Unvaccinated people ages 5 and older had an 18 times greater risk of hospitalization and 28 times greater risk of dying from COVID-19 in August compared with people who were up to date on their vaccination. Unvaccinated people were 7.2 times more likely to be hospitalized and nine times more likely to die from COVID-19 compared with people who were vaccinated but not up to date, per the state’s August analysis.
“Stronger protection from hospitalization and death is seen in those who are up-to-date on COVID-19 vaccinations,” interim state health Director Don Herrington wrote in a blog post.
As of Oct. 12, there had been 2,308 breakthrough deaths in fully vaccinated individuals with the primary series, according to state health officials’ preliminary data, which works out to a breakthrough death rate of about 0.05% among all fully vaccinated people with the primary series. (The August breakthrough number state health officials previously provided was incorrect, officials said.)
Health officials emphasize the best protection against severe illness from COVID-19 is to remain up to date with recommended vaccinations, including CDC guidance that people ages 5 years and older receive one updated bivalent booster if it has been at least two months since their last COVID-19 vaccine dose, either an original booster or the primary series.
Contagious omicron subvariants, particularly BA.5, are contributing to many of the cases in Arizona, according to results from sequencing labs. Sequencing data from the Translational Genomics Research Institute, or TGen, show an increase in recent weeks of “Omicron other,” though BA.5 remains dominant. 
Percent positivity, which refers to the percentage of COVID-19 diagnostic tests that are positive, varies somewhat based on how it’s measured. It was high in the winter months, a sign of more community spread. Then it was much lower but began climbing upward in April, then back downward in recent weeks, and now again on an upswing.
Arizona’s percent positivity for COVID-19 testing was at 3% for the week of April 3, and went up in subsequent weeks, reaching a high of 29% for the week of July 10. It was 11% for the week of Sept. 4, 10% for the week of Sept. 11, 10% for the week of Sept. 18, 10% for the week of Sept. 25, 11% for the week of Oct. 2, 12% for the week of Oct. 9, 14% for the week of Oct. 16 and 14% for the week of Oct. 23. The percentages are now for all diagnostic tests conducted, rather than for unique individuals tested, after a change to the state dashboard.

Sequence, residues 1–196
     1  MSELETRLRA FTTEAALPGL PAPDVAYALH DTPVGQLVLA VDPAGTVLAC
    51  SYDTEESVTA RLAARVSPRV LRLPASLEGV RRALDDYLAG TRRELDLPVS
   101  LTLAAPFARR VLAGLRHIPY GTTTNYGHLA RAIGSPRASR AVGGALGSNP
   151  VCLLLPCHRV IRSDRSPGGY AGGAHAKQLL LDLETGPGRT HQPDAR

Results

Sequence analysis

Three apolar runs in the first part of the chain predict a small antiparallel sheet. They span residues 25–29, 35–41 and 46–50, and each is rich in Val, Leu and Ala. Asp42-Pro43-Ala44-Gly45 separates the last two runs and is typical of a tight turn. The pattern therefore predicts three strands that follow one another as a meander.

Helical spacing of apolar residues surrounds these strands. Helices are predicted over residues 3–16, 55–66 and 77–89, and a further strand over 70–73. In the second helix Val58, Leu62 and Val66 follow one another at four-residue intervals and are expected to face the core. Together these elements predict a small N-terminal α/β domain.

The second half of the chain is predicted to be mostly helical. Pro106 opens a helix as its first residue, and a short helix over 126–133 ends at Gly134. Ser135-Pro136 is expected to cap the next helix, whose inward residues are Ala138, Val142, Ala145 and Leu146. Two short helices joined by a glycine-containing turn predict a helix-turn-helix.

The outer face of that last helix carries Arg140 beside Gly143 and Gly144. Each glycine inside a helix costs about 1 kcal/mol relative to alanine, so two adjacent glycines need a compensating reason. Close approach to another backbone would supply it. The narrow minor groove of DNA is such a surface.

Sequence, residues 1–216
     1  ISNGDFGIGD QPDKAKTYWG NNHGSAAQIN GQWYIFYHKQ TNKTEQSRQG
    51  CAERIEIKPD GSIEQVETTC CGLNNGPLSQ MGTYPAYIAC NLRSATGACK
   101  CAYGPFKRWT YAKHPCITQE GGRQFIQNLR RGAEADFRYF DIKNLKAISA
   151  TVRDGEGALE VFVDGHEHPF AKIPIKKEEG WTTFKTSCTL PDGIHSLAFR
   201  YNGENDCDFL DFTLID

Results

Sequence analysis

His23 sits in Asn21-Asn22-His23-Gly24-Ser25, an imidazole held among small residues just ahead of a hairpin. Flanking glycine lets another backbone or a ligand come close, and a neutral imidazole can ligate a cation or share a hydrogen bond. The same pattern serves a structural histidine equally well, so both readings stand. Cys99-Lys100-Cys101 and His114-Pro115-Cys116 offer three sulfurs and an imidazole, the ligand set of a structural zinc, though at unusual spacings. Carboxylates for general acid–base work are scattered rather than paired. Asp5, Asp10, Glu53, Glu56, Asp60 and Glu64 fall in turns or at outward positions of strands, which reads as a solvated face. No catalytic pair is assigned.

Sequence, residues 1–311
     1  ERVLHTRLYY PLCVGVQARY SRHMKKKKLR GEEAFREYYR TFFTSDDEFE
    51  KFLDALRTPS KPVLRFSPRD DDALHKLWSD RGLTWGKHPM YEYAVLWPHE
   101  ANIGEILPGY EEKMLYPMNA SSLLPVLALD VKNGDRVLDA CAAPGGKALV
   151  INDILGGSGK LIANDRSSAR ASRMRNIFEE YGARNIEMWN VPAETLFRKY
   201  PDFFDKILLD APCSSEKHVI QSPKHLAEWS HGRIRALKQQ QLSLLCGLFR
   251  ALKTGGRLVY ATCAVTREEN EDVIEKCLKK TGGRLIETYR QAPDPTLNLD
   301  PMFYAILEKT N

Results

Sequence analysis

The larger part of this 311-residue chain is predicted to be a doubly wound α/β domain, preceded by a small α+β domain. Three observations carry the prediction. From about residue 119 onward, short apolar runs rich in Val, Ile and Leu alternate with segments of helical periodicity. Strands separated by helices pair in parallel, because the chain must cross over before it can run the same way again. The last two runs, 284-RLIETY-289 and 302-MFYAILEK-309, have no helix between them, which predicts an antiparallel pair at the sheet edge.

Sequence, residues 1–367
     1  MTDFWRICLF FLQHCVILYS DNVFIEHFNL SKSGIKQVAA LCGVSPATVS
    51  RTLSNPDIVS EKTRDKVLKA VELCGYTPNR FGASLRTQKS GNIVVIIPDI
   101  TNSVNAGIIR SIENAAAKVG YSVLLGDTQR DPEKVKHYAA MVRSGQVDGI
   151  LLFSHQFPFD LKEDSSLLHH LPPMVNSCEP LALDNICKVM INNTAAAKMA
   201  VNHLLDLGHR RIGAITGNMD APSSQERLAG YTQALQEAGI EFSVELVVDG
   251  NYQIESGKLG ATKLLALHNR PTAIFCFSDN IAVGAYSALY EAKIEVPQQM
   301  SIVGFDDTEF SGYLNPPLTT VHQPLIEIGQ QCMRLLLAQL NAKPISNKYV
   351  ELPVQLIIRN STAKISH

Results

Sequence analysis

A positivity rate of 5% or less is considered a good benchmark that the disease’s spread is under control.
The state’s overall COVID-19 death and case rates since Jan. 21, 2020, still remain among the worst in the country.
The COVID-19 death rate in Arizona since the pandemic began is 433 deaths per 100,000 people as of Tuesday, according to the CDC, putting it third in the country in a state ranking that separates New York City from New York state. The U.S. average is 321 deaths per 100,000 people as of Tuesday, according to the CDC. 
New York City has the highest death rate, at 511 deaths per 100,000 people, followed by Mississippi at 435.
Arizona’s first known death from the disease occurred in mid-March 2020.
Many of the reported deaths occurred days or weeks before because of reporting delays and death certificate matching.
A total of 2,293,015 COVID-19 cases were identified across the state through Oct. 29.
Arizonans ages 6 months and older are eligible for the Pfizer vaccine, while the Moderna vaccine is approved for children ages 6 months to 5 years and people 18 and older. The CDC has recommended the Johnson & Johnson vaccine on a more limited basis for people 18 and older. Many individuals are eligible for booster doses, too.
The state reported nearly 5.4 million people in Arizona — about 74% of the total state population — had received at least one vaccine dose through Oct. 29, with over 4.5 million residents fully vaccinated (completed the primary series) against COVID-19. The state’s data dashboard now separates out doses administered to Arizona residents versus all doses administered in the state. 
Arizona’s rate of people with a completed primary series out of the total population was 63.9%, which was behind the national rate of 68.4%, according to the CDC as of Oct. 27.
There’s a wide range of vaccine uptake across the U.S. About 86.3% of the total population of Rhode Island had a completed primary series, which is the highest rate in the U.S. In Wyoming, which has the lowest rate, just 52.4% of the population had a completed primary series, per the CDC. 
Out of people ages 5 and older, 67.8% of those in Arizona had a completed primary series, compared with 72.5% at the national level, CDC data shows.